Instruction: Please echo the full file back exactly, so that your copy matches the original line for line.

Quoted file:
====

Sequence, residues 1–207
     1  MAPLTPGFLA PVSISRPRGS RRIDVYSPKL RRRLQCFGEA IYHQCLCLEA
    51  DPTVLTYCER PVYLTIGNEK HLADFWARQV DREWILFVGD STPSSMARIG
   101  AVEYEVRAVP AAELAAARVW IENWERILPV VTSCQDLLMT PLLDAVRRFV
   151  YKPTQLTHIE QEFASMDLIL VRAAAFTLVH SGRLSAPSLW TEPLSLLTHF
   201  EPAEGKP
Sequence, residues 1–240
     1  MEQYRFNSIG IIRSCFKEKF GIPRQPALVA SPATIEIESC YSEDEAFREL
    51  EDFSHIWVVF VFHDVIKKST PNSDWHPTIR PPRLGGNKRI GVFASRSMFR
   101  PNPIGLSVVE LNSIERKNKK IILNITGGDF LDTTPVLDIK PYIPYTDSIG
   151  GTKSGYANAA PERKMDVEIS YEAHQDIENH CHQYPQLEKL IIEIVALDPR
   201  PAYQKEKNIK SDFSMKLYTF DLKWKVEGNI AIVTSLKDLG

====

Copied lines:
Sequence, residues 1–207
     1  MAPLTPGFLA PVSISRPRGS RRIDVYSPKL RRRLQCFGEA IYHQCLCLEA
    51  DPTVLTYCER PVYLTIGNEK HLADFWARQV DREWILFVGD STPSSMARIG
   101  AVEYEVRAVP AAELAAARVW IENWERILPV VTSCQDLLMT PLLDAVRRFV
   151  YKPTQLTHIE QEFASMDLIL VRAAAFTLVH SGRLSAPSLW TEPLSLLTHF
   201  EPAEGKP
Sequence, residues 1–240
     1  MEQYRFNSIG IIRSCFKEKF GIPRQPALVA SPATIEIESC YSEDEAFREL
    51  EDFSHIWVVF VFHDVIKKST PNSDWHPTIR PPRLGGNKRI GVFASRSMFR
   101  PNPIGLSVVE LNSIERKNKK IILNITGGDF LDTTPVLDIK PYIPYTDSIG
   151  GTKSGYANAA PERKMDVEIS YEAHQDIENH CHQYPQLEKL IIEIVALDPR
   201  PAYQKEKNIK SDFSMKLYTF DLKWKVEGNI AIVTSLKDLG